Bitcoin and bandwagons

22 April 2021
4 min read
Published:

If there’s anything we’ve learned from the first couple of months of 2021, it’s to avoid confusing gambling with investing, says Richard Wood.

If the past few months is any guide, it might appear that making money in markets is easy – just buy Tesla or Bitcoin (or, for a short but mad time at the start of this year, GameStop – more of which below) and you are sure to double your money!

Anyone who tells you this is the way to invest is using the wrong terminology. What they are describing can more accurately be called gambling, and it’s certainly not something we’d recommend. Here are a couple of examples explaining why.

Bitcoin – boom, bubble or bust?
In October 2008, a mysterious anonymous white paper called ‘Bitcoin: A peer-to-peer electronic cash system’, introduced the world to its first cryptocurrency.

Bitcoin was driven by blockchain technology – a decentralised way for two parties to exchange value. This was the main attraction compared to traditional currencies like USD or GBP. Bitcoin has no need for a governing body, no central bank and is merely a digital ledger that facilitates and records transactions. Without getting into too much detail about how this works, the complicated mathematical procedures in place make falsifying Bitcoin transactions unlikely.

Twelve years down the line, the cryptocurrency space has seen thousands of alternatives, or ‘altcoins’ (like Ethereum, Polkadot and Tether) come to market, all of which attempt to improve on the blueprint pioneered by Bitcoin.

Cryptocurrencies have a way to go before they can challenge traditional currencies, though. Bitcoin can handle a paltry 350,000 daily transactions compared with VISA, which executed around 500m per day in 2019.

Furthermore, in a society that is ever more focused on sustainability, a currency that requires enormous warehouses full of energy hungry computers to keep it going is somewhat out of sync with the current zeitgeist. The Cambridge Bitcoin Energy Consumption Index estimates that the Bitcoin network currently consumes around 110 TWh of energy per year, roughly the same as the whole of the Netherlands!

Despite the implementation issues, the value of Bitcoin, along with many of the other ‘altcoins’, has skyrocketed of late, causing a lot of excitement amongst investors/gamblers. The only thing we know for certain about investing in cryptocurrency is that it is highly speculative. The extraordinary volatility of most ‘coins’ makes them an unreliable store of value. Going to sleep and waking up 10 per cent richer (or poorer) is commonplace.

Added to this, Bitcoin is not a capital asset. It doesn’t pay dividends, nor does it have a positive expected return. Positive outcomes are simply the result of demand outstripping supply, although speculators are quick to forget that the future expectation of demand is already factored into the current price. There are 18.6m Bitcoins in existence, yet recently the sale of 150 of them resulted in a price drop of 10 per cent, demonstrating no depth or liquidity to the Bitcoin market.

It is possible that we may one day turn into a world where cryptocurrency is adopted by the masses. Who knows if that is even remotely likely, and better yet who knows which cryptocurrency will be the one that ticks all the boxes? As an investment today, cryptocurrency plays no role in portfolios and any investor (gambler) should be willing to accept a maximum loss of 100 per cent.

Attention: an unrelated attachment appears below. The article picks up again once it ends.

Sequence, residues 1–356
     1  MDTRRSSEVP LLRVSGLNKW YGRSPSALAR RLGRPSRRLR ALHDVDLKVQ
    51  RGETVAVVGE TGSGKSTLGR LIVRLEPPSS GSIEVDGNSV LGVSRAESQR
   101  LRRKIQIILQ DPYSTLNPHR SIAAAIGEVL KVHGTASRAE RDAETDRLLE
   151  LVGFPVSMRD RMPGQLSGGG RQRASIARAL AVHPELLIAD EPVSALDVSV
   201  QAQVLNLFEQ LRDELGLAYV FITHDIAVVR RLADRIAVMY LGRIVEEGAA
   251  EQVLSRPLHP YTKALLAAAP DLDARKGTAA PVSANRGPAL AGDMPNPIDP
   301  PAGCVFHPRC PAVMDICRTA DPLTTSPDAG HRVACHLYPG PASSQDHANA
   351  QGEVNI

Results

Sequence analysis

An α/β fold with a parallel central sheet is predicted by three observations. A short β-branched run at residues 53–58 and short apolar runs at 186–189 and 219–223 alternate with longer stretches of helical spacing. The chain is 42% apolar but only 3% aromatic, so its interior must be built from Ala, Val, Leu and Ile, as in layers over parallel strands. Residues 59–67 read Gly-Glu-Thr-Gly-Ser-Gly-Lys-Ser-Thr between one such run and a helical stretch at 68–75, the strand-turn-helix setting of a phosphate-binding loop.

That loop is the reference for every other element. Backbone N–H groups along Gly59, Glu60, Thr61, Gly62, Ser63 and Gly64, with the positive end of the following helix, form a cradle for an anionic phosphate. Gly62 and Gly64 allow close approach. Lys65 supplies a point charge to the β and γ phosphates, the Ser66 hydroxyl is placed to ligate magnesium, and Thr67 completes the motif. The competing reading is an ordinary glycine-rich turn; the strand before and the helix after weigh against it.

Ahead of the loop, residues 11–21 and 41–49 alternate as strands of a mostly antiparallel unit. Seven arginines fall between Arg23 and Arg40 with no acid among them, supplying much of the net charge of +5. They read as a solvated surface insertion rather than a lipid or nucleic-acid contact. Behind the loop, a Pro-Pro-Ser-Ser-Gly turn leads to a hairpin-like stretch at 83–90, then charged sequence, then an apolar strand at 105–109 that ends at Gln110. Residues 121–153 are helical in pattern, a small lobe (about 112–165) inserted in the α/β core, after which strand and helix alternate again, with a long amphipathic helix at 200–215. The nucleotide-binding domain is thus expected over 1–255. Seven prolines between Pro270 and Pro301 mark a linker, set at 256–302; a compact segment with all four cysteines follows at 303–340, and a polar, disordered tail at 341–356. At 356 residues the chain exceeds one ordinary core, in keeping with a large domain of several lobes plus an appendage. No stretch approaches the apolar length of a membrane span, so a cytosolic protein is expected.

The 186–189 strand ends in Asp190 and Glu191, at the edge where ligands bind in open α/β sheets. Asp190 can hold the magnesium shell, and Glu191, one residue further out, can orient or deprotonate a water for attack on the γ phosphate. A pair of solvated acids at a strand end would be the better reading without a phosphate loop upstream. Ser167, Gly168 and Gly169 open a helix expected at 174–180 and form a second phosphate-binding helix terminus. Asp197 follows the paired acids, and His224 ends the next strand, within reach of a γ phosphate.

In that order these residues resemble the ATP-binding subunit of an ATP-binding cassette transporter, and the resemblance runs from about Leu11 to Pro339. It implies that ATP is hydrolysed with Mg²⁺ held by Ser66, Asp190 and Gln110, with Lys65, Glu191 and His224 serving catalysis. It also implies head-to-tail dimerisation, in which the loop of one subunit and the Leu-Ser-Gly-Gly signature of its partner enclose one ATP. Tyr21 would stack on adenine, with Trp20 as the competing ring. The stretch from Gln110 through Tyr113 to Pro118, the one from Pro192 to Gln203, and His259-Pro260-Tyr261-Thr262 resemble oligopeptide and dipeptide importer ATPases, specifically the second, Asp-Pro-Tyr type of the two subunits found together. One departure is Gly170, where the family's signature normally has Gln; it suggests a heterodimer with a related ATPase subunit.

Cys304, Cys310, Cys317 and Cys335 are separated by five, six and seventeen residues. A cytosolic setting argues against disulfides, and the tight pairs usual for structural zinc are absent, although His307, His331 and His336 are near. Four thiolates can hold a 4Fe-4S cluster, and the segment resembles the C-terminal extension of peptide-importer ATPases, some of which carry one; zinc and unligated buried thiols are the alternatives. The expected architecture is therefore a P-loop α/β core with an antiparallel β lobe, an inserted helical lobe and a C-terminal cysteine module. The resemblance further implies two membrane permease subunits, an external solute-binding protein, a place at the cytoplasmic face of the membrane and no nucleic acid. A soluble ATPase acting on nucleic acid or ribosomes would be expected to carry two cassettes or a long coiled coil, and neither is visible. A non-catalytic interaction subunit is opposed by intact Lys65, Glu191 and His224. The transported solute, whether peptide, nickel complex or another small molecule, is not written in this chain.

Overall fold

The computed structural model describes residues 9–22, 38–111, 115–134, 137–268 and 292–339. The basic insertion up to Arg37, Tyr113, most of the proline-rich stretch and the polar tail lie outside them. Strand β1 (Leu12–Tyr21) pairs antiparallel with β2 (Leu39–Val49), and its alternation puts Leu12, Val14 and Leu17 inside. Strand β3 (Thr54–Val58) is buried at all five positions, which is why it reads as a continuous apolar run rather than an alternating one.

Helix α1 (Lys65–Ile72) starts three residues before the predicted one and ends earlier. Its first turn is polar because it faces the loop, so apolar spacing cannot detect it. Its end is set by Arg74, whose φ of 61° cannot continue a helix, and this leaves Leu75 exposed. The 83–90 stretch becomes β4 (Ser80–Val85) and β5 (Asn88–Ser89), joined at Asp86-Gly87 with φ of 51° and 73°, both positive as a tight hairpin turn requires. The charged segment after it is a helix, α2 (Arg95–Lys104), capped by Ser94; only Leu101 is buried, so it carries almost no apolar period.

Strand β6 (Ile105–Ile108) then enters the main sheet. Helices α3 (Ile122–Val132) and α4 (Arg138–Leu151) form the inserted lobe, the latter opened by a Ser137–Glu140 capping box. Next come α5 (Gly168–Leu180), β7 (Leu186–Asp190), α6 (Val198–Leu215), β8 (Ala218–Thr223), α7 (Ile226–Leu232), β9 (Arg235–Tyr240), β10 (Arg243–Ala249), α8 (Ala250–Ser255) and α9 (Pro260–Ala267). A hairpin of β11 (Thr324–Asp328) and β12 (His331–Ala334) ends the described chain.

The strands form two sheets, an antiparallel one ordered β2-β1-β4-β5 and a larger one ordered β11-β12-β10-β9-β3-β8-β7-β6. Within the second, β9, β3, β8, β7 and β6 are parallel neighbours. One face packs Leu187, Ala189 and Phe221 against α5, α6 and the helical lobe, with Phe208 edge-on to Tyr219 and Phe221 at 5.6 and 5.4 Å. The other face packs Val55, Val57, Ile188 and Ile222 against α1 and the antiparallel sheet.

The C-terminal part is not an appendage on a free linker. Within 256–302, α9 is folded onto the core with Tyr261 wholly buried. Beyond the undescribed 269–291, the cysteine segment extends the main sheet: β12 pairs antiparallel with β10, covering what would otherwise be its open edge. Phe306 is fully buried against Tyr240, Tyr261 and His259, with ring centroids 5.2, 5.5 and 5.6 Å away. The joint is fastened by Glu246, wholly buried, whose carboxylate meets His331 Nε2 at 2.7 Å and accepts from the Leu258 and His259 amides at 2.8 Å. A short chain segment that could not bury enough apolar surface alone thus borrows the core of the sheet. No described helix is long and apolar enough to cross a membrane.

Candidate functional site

GameStop – Reddit vs Wall Street
January this year saw a group of amateur investors, using the ‘Wall Street Bets’ forum on discussion website Reddit as a platform, band together to take on the professional hedge fund space in the US.

The group focused their conversation on a few stocks, most notably US consumer electronics firm GameStop. On the other side were hedge fund managers engaged in ‘shorting’ GameStop stock — essentially betting that its share price was on a downward trend. A successful short involves borrowing stock from a third party, selling it on the marketplace and then buying it back later when the price has fallen. This allows the short seller to return the stock to the third party and cash in the difference in price.

The danger with shorting is that if prices unexpectedly rise, it becomes more expensive for the short seller to buy the stock back, so they can’t afford to return it to the party they borrowed it from in the first place. Professional investors are aware of these risks more than anyone.

The Reddit group of small investors focused on heavily shorted stocks, including GameStop. By purchasing shares in these firms, they pushed up the price, creating huge losses for some of the hedge fund managers. These weren’t small market movements, either. By January 27, the share price of GameStop closed nearly 2,000 per cent up on the start of the year. Yet the next day, the price dropped by almost half.

The motivation of many of the Reddit speculators was to ‘stick it to the man’, although many were undoubtedly looking to make a quick buck. It certainly caught the eye of the regulator on suspicion of market manipulation.

A few days later, it was all over. By mid-late February, the price was back down to around $40 USD (from a high of $347 on January 27).

Many of the Reddit speculators, who’d invested sizeable (for them) sums of their own, were completely wiped out.

Ironically, one of the very hedge funds the Reddit bandits were opposing has done very well out of the whole saga. Forbes reported that Senvest, which had a five per cent stake in GameStop in October when the price was around $10-$15, made a profit of $700m by selling when the price reached $300.

The lesson? If you want excitement, just follow the stories, and enjoy the schadenfreude that follows.